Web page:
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These natural food retailers are investing in beekeeping for the benefit of the environment and their community—and local honey lovers.
September 17, 2019
Happy National Honey Month!
September marks the end of honey collection season for many beekeepers in the U.S., and it’s an opportunity to celebrate and promote beekeeping and honey.
While it might make sense for retailers to dedicate an endcap or special section of the store to bees and honey this time of year, some have taken it one step further to actually house beehives at their stores year-round.
Five stores generating buzz around their hives shared with us lessons they’ve learned from their favorite pollinators.
At California’s Alameda Natural Grocery, the twice-annual honey harvest—once in the summer and again in the fall—produces honey from 12 hives maintained on the roof of the 20,000-square-foot-store and at customers’ homes around Alameda Island. Once harvested, the honey is jarred and sold on site.
If you ask CEO Donna Layburn, this program promotes sustainability and also builds a sense of community. “There are no downsides to hosting beehives on your rooftop, although getting the honey-heavy supers off the roof is laborious,” she says. “Customers are always more impressed that it's not just ‘local’ honey, but it's from the rooftop where they shop.”
Lesson learned: “The rooftop has advantages in that the hives are not disturbed (except for the refrigeration noises), offering protection for the bees. We’ve also learned how important it has been here in California to register the hives with the county. Having a relationship with all the local beekeepers is an invaluable resource, especially regarding how everyone is treating the Varroa Mite (or not) and of course all issues surrounding the colony collapse that is still so rampant. Plus, registration of the hives allows for full disclosure that you are keeping hives, thus protecting your business somewhat from complaints.”
Right around 2016, East End Market founder and owner John Rife purchased a small beekeeping operation. Not long after, he was tending to hives on the store’s roof as well as in yards across Orlando, Florida, where the store is based. The goal? To show an optimistic view of the future of food—and that anyone can be involved by starting a beehive in their own backyard. The market also sells jars of honey from local beekeeper Bottom Stung Beekeepers.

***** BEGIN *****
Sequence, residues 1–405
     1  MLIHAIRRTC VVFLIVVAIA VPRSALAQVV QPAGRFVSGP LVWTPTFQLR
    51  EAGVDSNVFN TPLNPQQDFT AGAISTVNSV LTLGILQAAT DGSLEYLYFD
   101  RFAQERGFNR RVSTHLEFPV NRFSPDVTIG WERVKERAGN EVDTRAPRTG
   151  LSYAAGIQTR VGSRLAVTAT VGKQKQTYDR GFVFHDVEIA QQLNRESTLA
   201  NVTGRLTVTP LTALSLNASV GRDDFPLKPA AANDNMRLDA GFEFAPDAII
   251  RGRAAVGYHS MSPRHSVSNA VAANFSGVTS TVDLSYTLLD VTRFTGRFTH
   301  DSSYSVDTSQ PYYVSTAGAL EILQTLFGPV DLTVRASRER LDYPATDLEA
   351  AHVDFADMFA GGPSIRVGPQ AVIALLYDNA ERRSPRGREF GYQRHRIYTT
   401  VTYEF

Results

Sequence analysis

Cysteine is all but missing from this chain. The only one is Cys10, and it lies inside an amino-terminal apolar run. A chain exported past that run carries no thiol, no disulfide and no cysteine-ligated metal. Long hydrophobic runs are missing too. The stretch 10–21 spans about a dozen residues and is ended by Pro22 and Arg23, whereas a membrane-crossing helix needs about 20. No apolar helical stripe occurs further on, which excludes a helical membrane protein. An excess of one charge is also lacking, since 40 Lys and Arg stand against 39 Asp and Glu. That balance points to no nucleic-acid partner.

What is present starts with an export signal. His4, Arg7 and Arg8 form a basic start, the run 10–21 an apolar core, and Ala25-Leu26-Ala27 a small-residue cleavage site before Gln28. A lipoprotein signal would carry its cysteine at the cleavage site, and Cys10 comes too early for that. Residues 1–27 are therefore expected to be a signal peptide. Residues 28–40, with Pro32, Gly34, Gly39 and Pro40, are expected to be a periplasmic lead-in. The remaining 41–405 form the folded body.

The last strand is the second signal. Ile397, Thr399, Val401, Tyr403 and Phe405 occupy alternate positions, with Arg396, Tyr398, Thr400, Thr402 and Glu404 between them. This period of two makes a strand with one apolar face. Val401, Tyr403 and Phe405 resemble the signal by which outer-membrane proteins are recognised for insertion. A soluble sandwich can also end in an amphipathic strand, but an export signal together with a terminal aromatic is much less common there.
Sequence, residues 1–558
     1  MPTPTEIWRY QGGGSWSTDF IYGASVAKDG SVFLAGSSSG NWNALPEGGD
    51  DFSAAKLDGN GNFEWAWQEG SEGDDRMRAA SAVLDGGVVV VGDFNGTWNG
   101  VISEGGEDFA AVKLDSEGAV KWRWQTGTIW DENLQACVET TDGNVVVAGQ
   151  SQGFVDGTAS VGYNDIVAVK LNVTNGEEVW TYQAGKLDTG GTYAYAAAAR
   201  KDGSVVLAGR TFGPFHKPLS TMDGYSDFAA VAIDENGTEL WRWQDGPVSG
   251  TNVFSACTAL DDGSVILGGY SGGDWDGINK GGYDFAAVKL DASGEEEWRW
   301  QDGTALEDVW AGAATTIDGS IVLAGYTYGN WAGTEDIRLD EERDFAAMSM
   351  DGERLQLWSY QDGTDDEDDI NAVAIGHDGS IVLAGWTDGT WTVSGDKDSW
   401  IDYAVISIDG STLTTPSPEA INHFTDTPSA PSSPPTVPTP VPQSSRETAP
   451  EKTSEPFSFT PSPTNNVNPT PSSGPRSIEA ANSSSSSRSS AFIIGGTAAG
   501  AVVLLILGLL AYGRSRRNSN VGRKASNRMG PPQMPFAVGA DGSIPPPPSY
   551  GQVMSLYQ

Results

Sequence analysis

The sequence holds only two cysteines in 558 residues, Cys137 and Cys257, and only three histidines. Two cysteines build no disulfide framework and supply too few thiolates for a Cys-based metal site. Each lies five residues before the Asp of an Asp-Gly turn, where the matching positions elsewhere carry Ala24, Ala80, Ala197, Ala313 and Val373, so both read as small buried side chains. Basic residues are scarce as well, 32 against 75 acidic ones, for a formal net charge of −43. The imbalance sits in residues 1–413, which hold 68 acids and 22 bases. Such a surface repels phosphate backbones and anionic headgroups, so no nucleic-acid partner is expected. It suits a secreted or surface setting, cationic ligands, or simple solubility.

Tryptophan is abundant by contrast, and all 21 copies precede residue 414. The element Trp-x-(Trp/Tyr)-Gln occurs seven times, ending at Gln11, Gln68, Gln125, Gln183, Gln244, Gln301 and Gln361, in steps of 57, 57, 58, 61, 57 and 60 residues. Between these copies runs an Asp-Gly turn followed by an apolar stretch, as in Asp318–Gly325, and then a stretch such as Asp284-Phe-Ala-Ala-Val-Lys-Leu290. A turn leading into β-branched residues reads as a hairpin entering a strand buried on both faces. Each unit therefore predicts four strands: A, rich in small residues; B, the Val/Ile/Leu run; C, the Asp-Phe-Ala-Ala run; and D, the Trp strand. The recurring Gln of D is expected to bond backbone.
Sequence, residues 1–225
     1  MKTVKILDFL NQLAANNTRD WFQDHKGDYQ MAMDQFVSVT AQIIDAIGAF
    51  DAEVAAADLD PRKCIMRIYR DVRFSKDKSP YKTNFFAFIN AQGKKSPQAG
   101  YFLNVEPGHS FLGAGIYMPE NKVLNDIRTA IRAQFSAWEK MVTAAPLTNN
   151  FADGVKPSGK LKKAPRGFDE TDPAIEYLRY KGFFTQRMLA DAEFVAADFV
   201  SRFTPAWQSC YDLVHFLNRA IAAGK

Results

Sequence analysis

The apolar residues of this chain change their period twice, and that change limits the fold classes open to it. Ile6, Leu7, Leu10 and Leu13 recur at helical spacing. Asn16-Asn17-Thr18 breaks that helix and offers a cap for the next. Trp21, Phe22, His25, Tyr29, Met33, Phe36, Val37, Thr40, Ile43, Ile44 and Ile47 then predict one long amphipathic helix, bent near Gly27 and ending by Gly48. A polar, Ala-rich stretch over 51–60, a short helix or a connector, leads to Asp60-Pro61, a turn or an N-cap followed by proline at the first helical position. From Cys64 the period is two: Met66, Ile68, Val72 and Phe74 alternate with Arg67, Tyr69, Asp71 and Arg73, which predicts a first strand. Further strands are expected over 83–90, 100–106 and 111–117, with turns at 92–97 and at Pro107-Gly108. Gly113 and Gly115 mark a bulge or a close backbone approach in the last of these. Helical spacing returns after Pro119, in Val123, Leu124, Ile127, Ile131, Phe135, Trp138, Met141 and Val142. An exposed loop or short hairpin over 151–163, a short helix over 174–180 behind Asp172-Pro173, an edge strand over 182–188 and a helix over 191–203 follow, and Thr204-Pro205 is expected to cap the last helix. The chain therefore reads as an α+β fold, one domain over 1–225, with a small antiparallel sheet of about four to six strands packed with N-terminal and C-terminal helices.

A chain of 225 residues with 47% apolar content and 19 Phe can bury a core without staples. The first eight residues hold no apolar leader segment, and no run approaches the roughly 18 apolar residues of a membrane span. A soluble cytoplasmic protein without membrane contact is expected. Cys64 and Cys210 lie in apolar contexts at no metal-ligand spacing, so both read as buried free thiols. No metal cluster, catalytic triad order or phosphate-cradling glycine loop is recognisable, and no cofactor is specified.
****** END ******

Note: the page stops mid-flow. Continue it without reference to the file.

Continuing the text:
Lesson learned: “Rooftop beekeeping has been such a great conversation starter at our market. Everyone is always inquiring about how the ‘girls’ are doing on the roof. Because our property is landscaped with edible plants and trees, we’ve noticed a bumper crop this season, thanks to the colony doing the pollinating. We worried that the roof would be too hot, particularly here in the Sunshine State of Florida, but the hive has really thrived up there. From being great conversation starters to hard-working pollinators, we’re hooked on rooftop beekeeping at the market.”
Two years ago, Mississippi Market partnered with The Beez Kneez, a local pollinator advocacy organization and honey producer, to bring honey beehives to the roof the West 7th store—ideal, says store manager Tori Nonnemacher, since it’s close to the river bluffs and a local source of reliable water and pollen for the bees. But it’s great for the store and community, as well, as neighbors comment frequently that they’ve seen an increase in bee activity in their gardens since the launch. Plus, the honey produced on the roof is available to purchase in the store.
Lesson learned: “We found it important to communicate to our direct neighbors when the bees were first introduced on our roof. We didn’t want to cause any alarm if they noticed an increase in bee activity.”
Last year, Maryland-based MOM’s Organic Market launched a BeeSA (bee-supported agriculture) program in partnership with Richmond Honey Bees, designed to rebuild local pollinator communities. The program offers customers a queen bee and nucleus hive, ready to order online, in addition to other beekeeping equipment. If you ask Matt Veland, communications coordinator, it falls squarely within MOM's mission to protect and restore the environment.
Lesson learned: “One of the biggest lessons for us was that you can't control nature. Though we had a successful first year, we had a massive crop failure the second. One of the reasons we started was to help curtail colony collapse disorder, but it ended up happening to our partner in our second year.”
Store founder Sheila Ouellette bought her first bee book in 1973, the first year she planted an organic garden, but it wasn’t until 2011 that she finally decided to pursue beekeeping. The following spring, in 2012, she purchased her first two colonies, which multiplied into two hives which today produce honey sold on store shelves.
Lesson Learned: “For me, the lesson learned is to slow down.”
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